It holds that God has two distinct plans for the nation of Israel and for the church. God’s promises for Israel will be fulfilled through earthly blessings at a time in the future (in a "millennium" that is found in Revelation chapter 20 - interpreted as a literal 1,000 years when Christ will rule on earth).
God’s purpose for the church is different than that for Israel in that the church is promised to enjoy eternal life in heaven. Thus, before the final purposes for Israel begin to be fulfilled, the church will be raptured away from the world. So, contrary to the majority of Christians in the world and throughout history, Dispensationalists deny that the church is the “new Israel” or that all the Old Testament prophecies about Israel will be fulfilled in the church. They hold to the belief that these prophecies will yet be fulfilled literally in the ethnic nation of Israel.
I came to faith in a ministry heavily influenced by Dispensationalism. I still greatly admire a lot of Dispensational theologians (especially the progressive Dispensationalists like Darrell Bock, Robert Saucy, and Craig Blaising). Though I no longer hold to this theology, I have several friends whom I respect that do, so I am not here to bash this.
But there is one very disturbing consequence that flows from so many American Christians holding to dispensational theology: A seriously flawed political position on the contemporary nation of Israel.
John Hagee is one Christian leader that has taken Dispensationalism to its extreme conclusion: The advocacy of Christian Zionism. This radical form of Dispensationalism believes that Christians must support the nation of Israel against its enemies. Since Israel is God’s chosen nation, then Christians (and especially American Christians) must support Israel, no matter what. The most vocal in the Christian Zionist movement is the group Christians United for Israel. CUFI's main spokesman is Hagee, and among the board members are Gary Bauer and Rod Parsley.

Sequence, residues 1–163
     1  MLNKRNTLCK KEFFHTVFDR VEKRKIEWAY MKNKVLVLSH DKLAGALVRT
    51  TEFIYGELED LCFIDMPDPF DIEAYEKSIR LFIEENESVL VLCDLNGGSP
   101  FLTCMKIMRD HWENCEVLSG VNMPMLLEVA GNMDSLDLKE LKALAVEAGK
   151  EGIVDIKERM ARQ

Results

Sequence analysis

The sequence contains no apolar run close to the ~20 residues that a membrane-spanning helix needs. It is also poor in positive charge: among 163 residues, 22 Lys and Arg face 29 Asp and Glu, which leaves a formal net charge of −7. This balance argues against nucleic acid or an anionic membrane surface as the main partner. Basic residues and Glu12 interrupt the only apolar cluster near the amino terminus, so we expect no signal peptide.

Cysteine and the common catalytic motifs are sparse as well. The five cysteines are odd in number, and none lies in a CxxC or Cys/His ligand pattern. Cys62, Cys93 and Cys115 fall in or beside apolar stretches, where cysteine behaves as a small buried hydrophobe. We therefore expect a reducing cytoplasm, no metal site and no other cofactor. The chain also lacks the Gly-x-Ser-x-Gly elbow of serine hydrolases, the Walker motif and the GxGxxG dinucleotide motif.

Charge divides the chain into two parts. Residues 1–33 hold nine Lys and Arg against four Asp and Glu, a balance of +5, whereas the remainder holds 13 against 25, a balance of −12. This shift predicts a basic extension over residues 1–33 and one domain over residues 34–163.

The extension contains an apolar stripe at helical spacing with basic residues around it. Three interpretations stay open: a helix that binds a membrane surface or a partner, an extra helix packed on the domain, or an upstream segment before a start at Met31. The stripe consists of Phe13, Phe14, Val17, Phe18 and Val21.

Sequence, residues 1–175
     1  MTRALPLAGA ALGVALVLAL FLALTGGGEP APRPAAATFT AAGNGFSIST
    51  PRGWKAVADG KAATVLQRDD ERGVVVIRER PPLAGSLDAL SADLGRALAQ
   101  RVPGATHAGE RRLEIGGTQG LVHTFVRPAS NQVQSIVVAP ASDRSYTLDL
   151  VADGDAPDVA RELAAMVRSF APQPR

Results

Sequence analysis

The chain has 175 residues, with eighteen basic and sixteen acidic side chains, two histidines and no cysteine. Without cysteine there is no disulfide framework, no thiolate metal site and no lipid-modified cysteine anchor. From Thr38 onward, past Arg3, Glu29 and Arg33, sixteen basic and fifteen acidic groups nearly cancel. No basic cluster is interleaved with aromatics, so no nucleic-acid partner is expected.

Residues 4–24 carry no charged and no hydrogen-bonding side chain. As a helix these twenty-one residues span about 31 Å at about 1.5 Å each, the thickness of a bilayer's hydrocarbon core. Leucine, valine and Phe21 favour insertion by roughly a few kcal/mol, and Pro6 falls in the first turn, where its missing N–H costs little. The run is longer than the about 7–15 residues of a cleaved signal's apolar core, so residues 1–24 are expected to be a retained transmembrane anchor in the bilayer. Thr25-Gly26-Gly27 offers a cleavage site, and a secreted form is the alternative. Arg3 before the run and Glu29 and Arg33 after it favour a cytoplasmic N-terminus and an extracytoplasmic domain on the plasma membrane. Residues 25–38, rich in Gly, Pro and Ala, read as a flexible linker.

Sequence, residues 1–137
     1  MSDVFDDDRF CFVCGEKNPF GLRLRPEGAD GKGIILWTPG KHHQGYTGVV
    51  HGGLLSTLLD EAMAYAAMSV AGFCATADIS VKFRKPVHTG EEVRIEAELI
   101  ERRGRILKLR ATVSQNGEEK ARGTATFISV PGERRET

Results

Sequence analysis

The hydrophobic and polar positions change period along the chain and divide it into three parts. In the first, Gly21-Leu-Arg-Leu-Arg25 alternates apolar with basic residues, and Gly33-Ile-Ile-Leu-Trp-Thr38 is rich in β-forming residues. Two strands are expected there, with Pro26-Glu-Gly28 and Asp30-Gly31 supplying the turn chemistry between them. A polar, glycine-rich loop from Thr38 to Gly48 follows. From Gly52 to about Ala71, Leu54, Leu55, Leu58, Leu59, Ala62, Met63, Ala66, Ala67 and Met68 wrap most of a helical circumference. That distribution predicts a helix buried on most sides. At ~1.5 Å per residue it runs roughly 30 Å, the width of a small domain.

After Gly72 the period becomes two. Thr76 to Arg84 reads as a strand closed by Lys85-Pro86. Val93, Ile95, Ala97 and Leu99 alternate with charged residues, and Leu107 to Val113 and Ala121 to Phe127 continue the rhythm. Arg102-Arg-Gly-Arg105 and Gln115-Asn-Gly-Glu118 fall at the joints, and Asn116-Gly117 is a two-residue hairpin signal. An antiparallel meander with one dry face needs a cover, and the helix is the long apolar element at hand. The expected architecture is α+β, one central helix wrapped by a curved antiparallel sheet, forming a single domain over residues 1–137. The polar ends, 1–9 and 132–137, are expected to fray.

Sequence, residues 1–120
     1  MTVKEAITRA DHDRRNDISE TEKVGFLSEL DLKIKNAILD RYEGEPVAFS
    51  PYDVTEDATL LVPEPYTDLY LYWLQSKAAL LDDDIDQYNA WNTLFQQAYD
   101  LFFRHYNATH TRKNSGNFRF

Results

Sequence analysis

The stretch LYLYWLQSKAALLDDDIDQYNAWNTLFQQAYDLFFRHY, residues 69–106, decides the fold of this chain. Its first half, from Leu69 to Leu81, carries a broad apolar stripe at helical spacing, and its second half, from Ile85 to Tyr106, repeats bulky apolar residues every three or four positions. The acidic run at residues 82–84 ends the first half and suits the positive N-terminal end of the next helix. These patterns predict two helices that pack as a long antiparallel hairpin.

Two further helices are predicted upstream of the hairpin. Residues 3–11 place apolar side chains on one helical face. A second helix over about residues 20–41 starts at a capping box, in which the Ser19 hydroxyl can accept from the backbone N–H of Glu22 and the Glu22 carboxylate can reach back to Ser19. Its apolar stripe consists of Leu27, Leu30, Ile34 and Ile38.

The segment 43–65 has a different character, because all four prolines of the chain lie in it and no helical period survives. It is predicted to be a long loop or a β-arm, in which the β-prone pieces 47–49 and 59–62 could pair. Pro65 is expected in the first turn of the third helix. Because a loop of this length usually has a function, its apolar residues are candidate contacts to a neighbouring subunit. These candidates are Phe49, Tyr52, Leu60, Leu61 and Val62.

To quote Hagee on the Christians United for Israel website,
“Why do Christians support Israel? Truth is not what I say it is. Truth is not what you think it is. Truth is what the Torah says it is; there’s the Torah way and the wrong way. Genesis 12 and 3 says I will bless those who bless you and curse those who curse you. We believe those blessings are very real and those judgments are very real. Where are the nations that have persecuted the Jewish people? Where is Pharaoh and his army? Where are the Babylonians? Where are the Greeks? Where is the Ottoman Empire? Where are the Romans? Where is that goose-stepping lunatic Adolf Hitler and his Nazi hoards? All are historic footnotes in the bone yard of human history. Where is Israel? Where are the Jewish people? They’re alive and well; they’re thriving; they’re prospering; they’re growing - even on a day of adversity they’re still going forward. Where is Israel? Where are those who are scattered throughout the Diaspora? The mighty right hand of God has gathered them from the nations of the world and Israel was miraculously born May 15, 1948. Israel lives! Shout it from the housetop - Israel lives! Let every Islamic terrorist group hear it - Israel lives! Let every tinhorn dictator in the Middle East hear it - Israel lives! Let it be heard in the halls of the UN - Israel lives! Let it echo down the marble halls of the Presidential Palace in Iran - Israel lives! Let it ring in the terrorist camps of Osama Bin Laden - Israel lives! Israel lives! Israel lives!”
However, Hagee’s theology opposes that of a large portion of American Evangelical Christianity. A few weeks ago, a letter was written and signed by thirty-four top evangelical leaders and sent to President Bush. It stated that, in spite of the efforts of Christian Zionists to promote their viewpoint as the only evangelical or biblical stand on the issue of Israel/Palestine, very many evangelicals are in favor of a two-state solution.